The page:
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Addict Behav. 2012 Jul;37(7):817-23. doi: 10.1016/j.addbeh.2012.03.011. Epub 2012 Mar 16.

Enhanced motivational interviewing versus brief advice for adolescent smoking cessation: results from a randomized clinical trial.

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Center for Alcohol and Addiction Studies, Brown University, Box G-S121, Providence, RI 02912, USA.



Motivational interviewing (MI) is widely used for adolescent smoking cessation but empirical support for this approach is mixed.


Adolescent cigarette smokers 14-18 years old (N=162) were recruited from medical, school, and community settings and randomly assigned to enhanced MI or brief advice (BA) for smoking cessation. MI comprised an in-person individual session, a telephone booster session one week later, and a brief telephone-based parent intervention. BA consisted of standardized brief advice to quit smoking. Assessments occurred at baseline, post-treatment and at 1-, 3-, and 6-month follow ups.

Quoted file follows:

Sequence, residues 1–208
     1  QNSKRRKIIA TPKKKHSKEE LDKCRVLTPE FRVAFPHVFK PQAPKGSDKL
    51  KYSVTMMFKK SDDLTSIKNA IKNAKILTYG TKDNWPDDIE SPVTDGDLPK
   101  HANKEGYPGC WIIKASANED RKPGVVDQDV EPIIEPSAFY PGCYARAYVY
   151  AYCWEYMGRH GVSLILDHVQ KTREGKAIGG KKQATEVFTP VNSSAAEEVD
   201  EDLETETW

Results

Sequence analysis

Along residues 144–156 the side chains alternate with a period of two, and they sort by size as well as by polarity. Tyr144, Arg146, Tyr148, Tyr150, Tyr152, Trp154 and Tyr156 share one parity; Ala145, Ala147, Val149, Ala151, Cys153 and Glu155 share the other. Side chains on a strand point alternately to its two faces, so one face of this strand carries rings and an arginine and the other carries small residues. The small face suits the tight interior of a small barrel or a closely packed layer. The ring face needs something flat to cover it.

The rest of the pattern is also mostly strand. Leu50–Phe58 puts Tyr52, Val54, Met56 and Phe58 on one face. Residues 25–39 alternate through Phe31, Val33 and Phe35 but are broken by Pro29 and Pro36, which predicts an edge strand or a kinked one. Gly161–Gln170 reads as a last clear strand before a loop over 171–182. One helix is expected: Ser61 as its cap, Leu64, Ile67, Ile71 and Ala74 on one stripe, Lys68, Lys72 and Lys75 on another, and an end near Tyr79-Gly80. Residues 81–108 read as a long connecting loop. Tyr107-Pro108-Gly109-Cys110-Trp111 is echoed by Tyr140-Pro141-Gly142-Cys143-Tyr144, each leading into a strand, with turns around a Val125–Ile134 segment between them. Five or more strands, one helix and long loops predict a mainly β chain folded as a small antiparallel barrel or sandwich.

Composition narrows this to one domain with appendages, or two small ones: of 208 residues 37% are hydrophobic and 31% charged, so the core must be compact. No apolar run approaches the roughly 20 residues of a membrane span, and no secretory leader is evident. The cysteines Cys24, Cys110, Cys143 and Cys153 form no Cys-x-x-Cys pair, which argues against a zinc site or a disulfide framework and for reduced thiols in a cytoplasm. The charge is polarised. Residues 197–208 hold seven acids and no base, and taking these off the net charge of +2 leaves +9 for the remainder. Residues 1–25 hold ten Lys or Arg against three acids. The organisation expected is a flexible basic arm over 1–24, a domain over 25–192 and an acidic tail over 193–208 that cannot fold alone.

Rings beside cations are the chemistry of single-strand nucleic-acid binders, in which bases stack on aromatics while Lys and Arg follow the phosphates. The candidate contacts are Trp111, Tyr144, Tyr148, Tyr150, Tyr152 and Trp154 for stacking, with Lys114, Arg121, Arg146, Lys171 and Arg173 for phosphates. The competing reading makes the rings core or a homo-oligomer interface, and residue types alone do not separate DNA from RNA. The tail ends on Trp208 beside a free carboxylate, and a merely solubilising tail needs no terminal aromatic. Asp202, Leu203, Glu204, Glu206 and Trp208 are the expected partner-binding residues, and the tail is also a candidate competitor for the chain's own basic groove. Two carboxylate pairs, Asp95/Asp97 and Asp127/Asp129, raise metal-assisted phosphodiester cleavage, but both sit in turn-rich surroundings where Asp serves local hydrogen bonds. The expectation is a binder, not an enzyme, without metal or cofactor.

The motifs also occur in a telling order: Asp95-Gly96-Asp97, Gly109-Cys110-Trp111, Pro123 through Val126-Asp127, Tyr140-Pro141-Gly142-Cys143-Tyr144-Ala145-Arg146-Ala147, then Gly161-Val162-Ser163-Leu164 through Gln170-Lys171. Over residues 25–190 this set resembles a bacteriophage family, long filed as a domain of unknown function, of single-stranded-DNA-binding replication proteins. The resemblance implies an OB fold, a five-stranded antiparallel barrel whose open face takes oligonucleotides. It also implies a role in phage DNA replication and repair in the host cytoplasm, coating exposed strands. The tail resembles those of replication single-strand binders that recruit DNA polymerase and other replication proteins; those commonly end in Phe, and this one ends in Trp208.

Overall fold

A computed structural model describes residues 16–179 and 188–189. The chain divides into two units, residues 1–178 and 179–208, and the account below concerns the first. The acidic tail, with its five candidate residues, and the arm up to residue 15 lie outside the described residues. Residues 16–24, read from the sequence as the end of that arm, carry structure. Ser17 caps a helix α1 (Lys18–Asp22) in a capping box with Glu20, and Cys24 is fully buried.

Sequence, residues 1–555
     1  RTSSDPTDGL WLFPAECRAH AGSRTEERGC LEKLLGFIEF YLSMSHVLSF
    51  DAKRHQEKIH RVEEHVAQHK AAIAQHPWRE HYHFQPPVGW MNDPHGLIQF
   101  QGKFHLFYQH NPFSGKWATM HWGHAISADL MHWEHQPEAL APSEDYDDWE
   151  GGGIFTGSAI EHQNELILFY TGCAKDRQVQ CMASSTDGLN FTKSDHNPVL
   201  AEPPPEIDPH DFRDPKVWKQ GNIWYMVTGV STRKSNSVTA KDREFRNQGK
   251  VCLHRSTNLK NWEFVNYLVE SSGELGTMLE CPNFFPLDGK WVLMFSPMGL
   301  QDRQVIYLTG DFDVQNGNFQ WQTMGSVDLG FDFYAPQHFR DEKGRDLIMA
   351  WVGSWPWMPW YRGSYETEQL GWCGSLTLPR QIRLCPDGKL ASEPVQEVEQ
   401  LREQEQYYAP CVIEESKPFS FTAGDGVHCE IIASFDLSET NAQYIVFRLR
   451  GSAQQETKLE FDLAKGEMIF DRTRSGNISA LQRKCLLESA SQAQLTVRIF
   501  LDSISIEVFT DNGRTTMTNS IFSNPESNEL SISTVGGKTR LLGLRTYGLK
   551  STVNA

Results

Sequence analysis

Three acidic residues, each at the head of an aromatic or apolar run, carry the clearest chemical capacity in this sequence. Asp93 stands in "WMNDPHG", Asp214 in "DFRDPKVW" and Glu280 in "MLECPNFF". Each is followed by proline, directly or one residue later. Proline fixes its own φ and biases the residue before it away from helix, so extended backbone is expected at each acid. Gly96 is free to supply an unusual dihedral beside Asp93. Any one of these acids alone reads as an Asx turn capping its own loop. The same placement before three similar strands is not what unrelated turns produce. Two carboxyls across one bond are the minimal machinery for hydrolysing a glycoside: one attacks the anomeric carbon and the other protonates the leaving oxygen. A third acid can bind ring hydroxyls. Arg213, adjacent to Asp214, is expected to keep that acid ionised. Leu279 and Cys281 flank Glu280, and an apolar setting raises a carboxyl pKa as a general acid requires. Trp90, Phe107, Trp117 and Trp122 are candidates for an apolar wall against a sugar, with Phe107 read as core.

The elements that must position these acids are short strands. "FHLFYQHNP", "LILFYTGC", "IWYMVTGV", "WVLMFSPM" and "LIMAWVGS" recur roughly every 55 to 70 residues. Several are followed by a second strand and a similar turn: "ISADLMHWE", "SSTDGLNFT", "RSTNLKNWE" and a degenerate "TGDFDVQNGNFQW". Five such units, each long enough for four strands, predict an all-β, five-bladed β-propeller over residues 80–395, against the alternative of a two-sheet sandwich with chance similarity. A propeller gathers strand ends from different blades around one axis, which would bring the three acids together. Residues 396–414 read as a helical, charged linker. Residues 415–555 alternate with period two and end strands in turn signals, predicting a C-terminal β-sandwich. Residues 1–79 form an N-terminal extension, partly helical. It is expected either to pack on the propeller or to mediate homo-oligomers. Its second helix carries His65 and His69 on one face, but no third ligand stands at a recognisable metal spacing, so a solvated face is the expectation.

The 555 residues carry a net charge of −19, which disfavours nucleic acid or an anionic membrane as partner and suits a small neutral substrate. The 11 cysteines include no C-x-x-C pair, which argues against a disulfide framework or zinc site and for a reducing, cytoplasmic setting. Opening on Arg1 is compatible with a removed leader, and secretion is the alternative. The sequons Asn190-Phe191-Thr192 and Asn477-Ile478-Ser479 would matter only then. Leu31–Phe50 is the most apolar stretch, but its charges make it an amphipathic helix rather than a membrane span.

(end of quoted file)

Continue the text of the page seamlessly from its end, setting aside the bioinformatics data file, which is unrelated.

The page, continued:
Biochemically-confirmed 7-day point prevalence abstinence rates were low (e.g., 4.5% for MI; 1.4% for BA at 1 month) and did not differ significantly by group at any follow up. Only those in MI reported significant decreases in cigarettes smoked per day (CPD) from baseline to 1 month. At 3 and 6 months, smokers in both groups reported significantly reduced CPD with no differences between groups. MI reduced perceived norms regarding peer and adult smoking rates, while BA had no effect on normative perceptions. No group differences emerged for self-reported motivation or self-efficacy to quit smoking.


Findings support the efficacy of MI for addressing normative misperceptions regarding peer and adult smoking and for modestly reducing CPD in the short-term; however, these effects did not translate to greater smoking abstinence. MI may have more promise as a prelude to more intensive smoking intervention with adolescents than as a stand-alone intervention.

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